Ellen DeGeneres wins second consecutive Daytime Emmy
May 24 2005 12:00 AM ET
Ellen DeGeneres made it two for two on Friday, winning a Daytime Emmy award for Outstanding Talk Show for the second consecutive year (the only two years the program has aired), then added another award for Outstanding Talk-Show Host. General Hospital won the Emmy for Outstanding Soap Opera for the eighth time, breaking the Daytime Emmys' record for the top drama award.
DeGeneres moved to daytime television after a moderate success with her prime-time sitcom Ellen, for which she won a writing Emmy, taking the top daytime honor for The Ellen DeGeneres Show in her very first year. But this year she was also named Outstanding Host. "Oh, man, I love my job," the comedian told the cheering audience at Radio City Music Hall. "It's just listening to people talk--it's like being a bartender," she said after paying special tribute to her fans by telling them: "I feel the love."
Another famous host, Martha Stewart, also picked up an Emmy for second consecutive Outstanding Service Show for Martha Stewart Living. But the lifestyle guru, who was recently released from prison after an insider-trading scandal, lost to Bobby Flay (Boy Meets Grill) and Michael Chiarello (Easy Entertaining), who tied for Outstanding Service-Show Host.
Top acting honors went to Erika Slezak of One Life to Live, who joined the cast in 1971 and won a record sixth Emmy on Friday as Outstanding Actress, while Christian Jules LeBlanc of The Young and the Restless was named Outstanding Actor in his first nomination in that category.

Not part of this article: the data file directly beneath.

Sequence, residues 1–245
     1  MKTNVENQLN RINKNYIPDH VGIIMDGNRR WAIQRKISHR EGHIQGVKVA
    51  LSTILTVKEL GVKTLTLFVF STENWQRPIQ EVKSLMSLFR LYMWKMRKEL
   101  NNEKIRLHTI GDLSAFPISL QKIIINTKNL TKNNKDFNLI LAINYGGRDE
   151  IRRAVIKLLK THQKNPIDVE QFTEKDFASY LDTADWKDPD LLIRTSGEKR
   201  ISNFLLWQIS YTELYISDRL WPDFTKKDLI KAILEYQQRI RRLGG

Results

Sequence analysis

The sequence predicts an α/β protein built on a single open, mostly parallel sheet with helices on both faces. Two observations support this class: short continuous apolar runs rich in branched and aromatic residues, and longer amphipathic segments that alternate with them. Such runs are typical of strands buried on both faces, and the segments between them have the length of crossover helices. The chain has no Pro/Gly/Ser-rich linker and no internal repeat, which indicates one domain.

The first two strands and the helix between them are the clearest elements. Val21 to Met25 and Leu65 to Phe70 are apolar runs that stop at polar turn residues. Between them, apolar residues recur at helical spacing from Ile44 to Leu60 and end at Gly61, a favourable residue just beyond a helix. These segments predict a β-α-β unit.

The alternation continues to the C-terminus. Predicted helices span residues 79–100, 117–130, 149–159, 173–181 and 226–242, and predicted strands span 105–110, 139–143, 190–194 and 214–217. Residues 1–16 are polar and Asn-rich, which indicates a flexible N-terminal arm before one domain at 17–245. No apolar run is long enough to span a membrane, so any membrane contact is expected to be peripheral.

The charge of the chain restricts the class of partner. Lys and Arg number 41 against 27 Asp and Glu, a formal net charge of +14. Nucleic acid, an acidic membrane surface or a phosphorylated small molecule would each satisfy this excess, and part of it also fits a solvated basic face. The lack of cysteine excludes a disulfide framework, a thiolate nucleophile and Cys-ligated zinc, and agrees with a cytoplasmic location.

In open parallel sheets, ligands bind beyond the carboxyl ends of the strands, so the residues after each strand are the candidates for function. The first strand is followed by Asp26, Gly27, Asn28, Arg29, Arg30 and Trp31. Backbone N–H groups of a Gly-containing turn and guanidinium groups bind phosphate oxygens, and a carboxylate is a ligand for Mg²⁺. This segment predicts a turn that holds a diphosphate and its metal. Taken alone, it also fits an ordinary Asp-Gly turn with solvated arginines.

Veteran talk show host-turned-game show producer Merv Griffin, who created both Jeopardy! and Wheel of Fortune, was presented with the Lifetime Achievement Award.
Griffin, whose years as a host saw him interview top world leaders, entertainers, and athletes, called daytime television "the most inventive, wonderful, creative part of television." Outstanding Game Show went to Jeopardy! for the 10th time, while former journalist Meredith Vieira was named Outstanding Game-Show Host, her first win in the category, for the daytime version of Who Wants to Be a Millionaire.
Other noteworthy winners included Henry Winkler (of Happy Days fame), who was named Outstanding Performer in an Animated Program for Clifford's Puppy Days, and Stockard Channing, who won the Emmy for Outstanding Performance in a Family Special for Jack, lesbian writer-director Lee Rose's look at what happens to a family after the father comes out of the closet. (Christopher Michaud, via Reuters; additional reporting by Advocate.com)
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